(Remember that we have already eliminated b from (2) by including it as a
weight).

To make sense, we must ensure that the slack variables do not become unnecessarily large. This is easily achieved by adding a penalty term to the cost
function, such that large ξ values will be penalized:
min
~w,ξ~
|| ~w|| + C
X
i
ξi (10)

The new parameter C sets the relative importance of avoiding slack versus
getting a wider margin. This has to be selected by the user, based on the
character of the data. Noisy data typically deserve a low C value, allowing for
more slack, since individual datapoints in strange locations should not be taken
too seriously.

Fortunately, the dual formulation of the problem need only a slight modification to incorporate the slack variables. In fact, we only need to add an extra
set of constraints to (5):
αi ≥ 0 ∀i and αi ≤ C ∀i (11)
Equation (4) stays the same.

### 2.4 Selection of Kernel Function

One of the great advantages to support vector machines is that they are not
restricted to linear separation. By transforming the input data non-linearly to
a high-dimensional space, more complex decision boundaries can be utilized.

In the dual formulation, these transformed data points φ(~xi) always appear in
pairs, and the only thing needed is the scalar product between the pair. This
makes it possible to use what is often referred to as the kernel trick, i.e. we do
not actually have to make the data transformation but, instead, we use a kernel
function which directly returns the scalar product φ(~xi) · φ(~xj ).

Here are the most commonly used kernel functions:
• Linear kernel
K(~x, ~y) = ~xT
· ~y + 1
This kernel simply returns the scalar product between the two points.

This results in a linear separation. Note the addition of 1 which comes
from the elimination of the bias (b) by appending a constant element 1 to
the data, resulting in an extra term 1 × 1 added to the scalar product.

• Polynomial kernels
K(~x, ~y) = (~xT
· ~y + 1)p
This kernel allows for curved decision boundaries. The exponent p (a
positive integer) controls the degree of the polynomials. p = 2 will make
quadratic shapes (ellipses, parabolas, hyperbolas). Setting p = 3 or higher
will result in more complex shapes.

K(~x, ~y) = e

(~x−~y)
2
2σ2
This kernel uses the explicit difference between the two datapoints, and
often results in very good boundaries. The parameter σ can be used to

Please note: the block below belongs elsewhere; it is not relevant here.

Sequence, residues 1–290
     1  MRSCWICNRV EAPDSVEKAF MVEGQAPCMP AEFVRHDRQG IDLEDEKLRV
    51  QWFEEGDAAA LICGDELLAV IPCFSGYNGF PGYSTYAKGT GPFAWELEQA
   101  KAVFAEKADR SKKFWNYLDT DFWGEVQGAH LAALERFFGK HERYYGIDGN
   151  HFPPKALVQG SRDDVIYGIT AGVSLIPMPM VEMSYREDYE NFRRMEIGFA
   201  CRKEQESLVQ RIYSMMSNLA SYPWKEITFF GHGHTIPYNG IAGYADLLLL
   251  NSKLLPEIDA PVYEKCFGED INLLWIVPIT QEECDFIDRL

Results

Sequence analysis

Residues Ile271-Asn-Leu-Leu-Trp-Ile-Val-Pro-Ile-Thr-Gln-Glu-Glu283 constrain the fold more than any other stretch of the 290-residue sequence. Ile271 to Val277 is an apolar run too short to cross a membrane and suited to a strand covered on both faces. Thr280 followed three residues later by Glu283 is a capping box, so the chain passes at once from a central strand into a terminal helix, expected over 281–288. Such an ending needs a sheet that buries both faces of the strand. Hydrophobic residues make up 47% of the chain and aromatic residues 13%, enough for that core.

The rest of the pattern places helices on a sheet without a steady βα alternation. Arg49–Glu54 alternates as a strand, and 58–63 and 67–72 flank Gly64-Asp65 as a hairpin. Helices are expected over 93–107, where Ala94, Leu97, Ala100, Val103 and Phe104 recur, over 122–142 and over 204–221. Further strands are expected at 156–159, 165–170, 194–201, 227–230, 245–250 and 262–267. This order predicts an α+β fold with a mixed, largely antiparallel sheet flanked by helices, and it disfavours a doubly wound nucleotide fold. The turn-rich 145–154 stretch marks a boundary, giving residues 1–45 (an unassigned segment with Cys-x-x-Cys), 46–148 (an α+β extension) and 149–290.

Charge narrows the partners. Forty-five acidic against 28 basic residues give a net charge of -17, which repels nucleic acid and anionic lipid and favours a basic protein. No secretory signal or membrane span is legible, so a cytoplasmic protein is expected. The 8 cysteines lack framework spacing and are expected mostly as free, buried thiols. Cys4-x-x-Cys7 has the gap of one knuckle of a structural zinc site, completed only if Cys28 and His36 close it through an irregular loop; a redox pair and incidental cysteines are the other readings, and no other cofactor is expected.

control the smoothness of the boundary.

• Sigmoid kernels
K(~x, ~y) = tanh(k~xT
· ~y − δ)
This is yet another possible non-linear kernel. Parameters k and δ need
to be tuned to get best performance.

## 3 Implementation

We will make use of a Python package for convex optimization1
called cvxopt.
In particular, we will call the function qp to solve our quadratic optimization
problem. The cvxopt package relies on its own implementation of matrices so
we must convert numpy arrays to cvxopt matrices.

Start by importing qp and matrix from cvxopt, and the other packages you
will need:
from cvxopt . s o l v e r s import qp
from cvxopt . b a se import ma t rix
import numpy , pylab , random , math
matrix is a function which takes anything that can be interpreted as a
matrix, for example a numpy array or an ordinary Python list of lists, and
converts it into a cvxopt matrix which can be passed as a parameter to qp.

The call to qp can look like this:
r = qp ( ma trix (P) , ma trix ( q ) , ma t rix (G) , ma trix ( h ) )
alph a = l i s t ( r [ ’ x ’ ] )
This will find the ~α which minimizes
1
2

T P ~α + ~qT
~α while G~α ≤ ~h (12)

Here, P and G are matrices, while ~q and ~h are vectors.
As you can see, this is very similar to the problem we have. This is no
coincidence, because we have formulated the problem in a standard way. To use
qp for our problem we only need to build the necessary vectors and matrices;
then qp will give us the optimal α’s.

3.1 Things to implement
You will have to write code for:
1Quadratic problems are a special case of convex problems.

• A suitable kernel function
The kernel function takes two data points as arguments and returns a
linear kernel which is almost the same as an ordinary scalar product. Do
not forget that you need to add 1 to the output, representing the extra
“always-one” component.

• Build the P matrix from a given set of data points
From the theory section we know that the P matrix should have the
elements
Pi,j = titjK(~xi
, ~xj )
Indices i and j run over all the data points. Thus, if you have N data
points, P should be an N × N matrix.

• Build the ~q vector, G matrix, and ~h vector
These vectors and matrices do not hold any actual data. Still, they need
to be set up properly so that qp solves the right problem.

By matching our problem (equation 7) with what qt solves (equation 12)
we can see that ~q should be a N long vector containing only the number
−1. Similarly, we realize that ~h must be a vector with all zeros.

Note that the greater-than relation in (7) has to be made to match the
less-than relation in (12). This can be achieved by creating a G matrix
which has −1 in the diagonal and zero everywhere else (check this!).

• Call qp
Make the call to qp as indicated in the code sample above. qp returns a
dictionary data structure; this is why we must must use the string ’x’ as
an index to pick out the actual α values.

• Pick out the non-zero α values